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Green / Blue Talking to Myself from Offering (Hozac) Add to Collection
Since they first left their rural birthplace of Cavan, Ireland earlier in this decade, the Strypes have had a lot going for them. Their work is consistently praised by the likes of rock royalty such as Jeff Beck, Roger Daltrey, Alice Cooper, Lenny Kravitz and many others.
They’re gearing up to support Paul Weller and Liam Gallagher for UK dates on their solo tours, and most recently, they’re back with a third studio album Spitting Image, released last June. Although it’s their third studio album, it’s their second record out in the USA due to issues with their previous label that kept their second studio album Little Victories from being made available in America except on Import.
T’was Friday the 13th and all through Chicago, punks eagerly awaited the cobwebby and spooky releases from every band with a Halloween fascination. But now that “Release Christmas” has passed, it’s time to appreciate those that rose to the occasion. The Eradicator, a Chicago-based punk band, delivered a treat that spooky night, with a full length album in The Eradicator (self-titled), released through the label Stonewalled.
by Mike Nikolich
As a teenager, I began listening to African stations via shortwave radio, a hobby I still enjoy today. Through this medium, I discovered West African artists like King Sunny Ade, Malian guitar virtuoso Ali Farka Touré and Nigerian superstar Fela Kuti.
Throughout the late 1980’s and 1990’s, my wife and I were regulars at the legendary Equator Club, near Broadway and Lawrence, and we had the chance to see many of these wonderful artists up close and personal.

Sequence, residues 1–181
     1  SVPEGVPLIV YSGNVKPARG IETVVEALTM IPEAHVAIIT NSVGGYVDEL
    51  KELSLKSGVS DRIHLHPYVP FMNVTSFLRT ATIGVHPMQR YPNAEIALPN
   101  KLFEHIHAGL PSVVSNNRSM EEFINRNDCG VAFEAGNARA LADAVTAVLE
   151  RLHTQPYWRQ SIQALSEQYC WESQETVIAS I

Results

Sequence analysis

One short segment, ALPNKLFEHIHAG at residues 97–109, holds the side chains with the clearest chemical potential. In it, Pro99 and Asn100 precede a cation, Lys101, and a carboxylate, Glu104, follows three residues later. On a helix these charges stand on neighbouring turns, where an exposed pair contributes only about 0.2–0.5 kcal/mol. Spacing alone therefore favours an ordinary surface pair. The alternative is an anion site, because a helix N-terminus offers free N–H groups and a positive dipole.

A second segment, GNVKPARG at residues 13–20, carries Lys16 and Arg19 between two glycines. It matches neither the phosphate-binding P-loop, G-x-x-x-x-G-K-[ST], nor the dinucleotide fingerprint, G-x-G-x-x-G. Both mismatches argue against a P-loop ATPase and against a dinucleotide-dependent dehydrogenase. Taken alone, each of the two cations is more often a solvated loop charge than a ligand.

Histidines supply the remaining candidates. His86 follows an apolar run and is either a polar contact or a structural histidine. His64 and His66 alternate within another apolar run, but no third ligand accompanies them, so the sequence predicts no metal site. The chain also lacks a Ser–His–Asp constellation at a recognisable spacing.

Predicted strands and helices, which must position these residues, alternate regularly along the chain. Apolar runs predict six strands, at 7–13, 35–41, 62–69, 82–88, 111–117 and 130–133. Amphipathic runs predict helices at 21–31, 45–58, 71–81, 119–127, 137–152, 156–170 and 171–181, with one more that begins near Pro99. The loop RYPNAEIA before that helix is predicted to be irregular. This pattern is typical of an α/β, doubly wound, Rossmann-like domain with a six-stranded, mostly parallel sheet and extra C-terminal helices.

I still love music from Ghana, Guinea, Mali, Nigeria and Zaire, and regularly play artists from these countries on my Friday afternoon show from noon to 3 pm. When the award-winning Chicago Afrobeat Project announced its latest LP, What Goes Up, I jumped at the chance to review it.
The DIY hardcore scene has always had its certain charms: as low as $5 covers, Old Style flowing like milk and honey, name your price albums, and my personal favorite - split side albums. For those that need a refresher, the ‘split side album’ is when two bands join up and each get a side of the vinyl. Of course, the penchant for split side albums is wholly dependent on the two bands collaborating, which is why all punks should be ecstatic over C.H.E.W.’s new album with Philadelphia band Penetrode, titled Strange New Universe. Each band has a separate digital album for their releases, and you would be missing out if you skipped a listening to C.H.E.W.’s 4 track masterpiece.
C.H.E.W. is a Chicago hardcore favorite, and you should probably know that the name doesn’t stand for anything (while they themselves joke about its meaning ranging from “Chicago Hardcore Exists Within” to “Cocaine, Heroin, Ecstasy, Weed”). They have a reputation for a ruthless rock sound and wailing femme-fronted vocals. On this album, C.H.E.W. releases 4 new tracks that deliver on everything you’d expect after hearing their first album (s/t).
written by Josh Friedberg
Michael Jackson was a genius—no joke. The man may be more remembered as an entertainer than as an artist, but separately from his groundbreaking dancing, concerts, and music videos, most of his studio output as an adult is very much worth listening to, whether or not you like to dance.
His level of craftsmanship in the studio was exceptionally high, and the picture that emerges from Steve Knopper’s 2015 biography, MJ: The Genius of Michael Jackson (which I reviewed here) is of a driven perfectionist who always strove to create something new.
Many disparage his work after 1982’s blockbuster success, Thriller, but since his death in 2009, much of his work has come under considerable especially 1991’s Dangerous. With CHIRP sponsoring a Classic Album Sundays listening party for 1979’s Off the Wall this coming Sunday, it is an ideal time to revisit the adult solo career of the King of Pop.